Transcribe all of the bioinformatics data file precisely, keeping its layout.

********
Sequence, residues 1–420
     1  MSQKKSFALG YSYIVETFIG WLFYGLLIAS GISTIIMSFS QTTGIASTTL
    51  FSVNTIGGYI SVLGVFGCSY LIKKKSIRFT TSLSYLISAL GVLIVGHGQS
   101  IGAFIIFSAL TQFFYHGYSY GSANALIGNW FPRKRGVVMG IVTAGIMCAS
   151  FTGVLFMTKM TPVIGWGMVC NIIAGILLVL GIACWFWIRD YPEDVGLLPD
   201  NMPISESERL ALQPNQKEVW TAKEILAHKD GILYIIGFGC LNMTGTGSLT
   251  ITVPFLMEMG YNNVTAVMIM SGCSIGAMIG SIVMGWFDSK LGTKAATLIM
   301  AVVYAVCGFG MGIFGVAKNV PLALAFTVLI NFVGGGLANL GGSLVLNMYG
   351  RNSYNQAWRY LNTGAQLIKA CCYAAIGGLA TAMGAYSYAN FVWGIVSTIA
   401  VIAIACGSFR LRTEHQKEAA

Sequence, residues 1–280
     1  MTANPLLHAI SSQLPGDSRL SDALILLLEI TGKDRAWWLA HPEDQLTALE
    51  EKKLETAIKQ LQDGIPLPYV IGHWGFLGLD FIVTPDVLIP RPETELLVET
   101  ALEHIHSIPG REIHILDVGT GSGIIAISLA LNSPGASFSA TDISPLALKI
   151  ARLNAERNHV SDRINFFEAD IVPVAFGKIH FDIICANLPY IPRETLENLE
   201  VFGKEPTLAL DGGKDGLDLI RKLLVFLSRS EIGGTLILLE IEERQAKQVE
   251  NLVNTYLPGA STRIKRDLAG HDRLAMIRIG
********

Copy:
Sequence, residues 1–420
     1  MSQKKSFALG YSYIVETFIG WLFYGLLIAS GISTIIMSFS QTTGIASTTL
    51  FSVNTIGGYI SVLGVFGCSY LIKKKSIRFT TSLSYLISAL GVLIVGHGQS
   101  IGAFIIFSAL TQFFYHGYSY GSANALIGNW FPRKRGVVMG IVTAGIMCAS
   151  FTGVLFMTKM TPVIGWGMVC NIIAGILLVL GIACWFWIRD YPEDVGLLPD
   201  NMPISESERL ALQPNQKEVW TAKEILAHKD GILYIIGFGC LNMTGTGSLT
   251  ITVPFLMEMG YNNVTAVMIM SGCSIGAMIG SIVMGWFDSK LGTKAATLIM
   301  AVVYAVCGFG MGIFGVAKNV PLALAFTVLI NFVGGGLANL GGSLVLNMYG
   351  RNSYNQAWRY LNTGAQLIKA CCYAAIGGLA TAMGAYSYAN FVWGIVSTIA
   401  VIAIACGSFR LRTEHQKEAA

Sequence, residues 1–280
     1  MTANPLLHAI SSQLPGDSRL SDALILLLEI TGKDRAWWLA HPEDQLTALE
    51  EKKLETAIKQ LQDGIPLPYV IGHWGFLGLD FIVTPDVLIP RPETELLVET
   101  ALEHIHSIPG REIHILDVGT GSGIIAISLA LNSPGASFSA TDISPLALKI
   151  ARLNAERNHV SDRINFFEAD IVPVAFGKIH FDIICANLPY IPRETLENLE
   201  VFGKEPTLAL DGGKDGLDLI RKLLVFLSRS EIGGTLILLE IEERQAKQVE
   251  NLVNTYLPGA STRIKRDLAG HDRLAMIRIG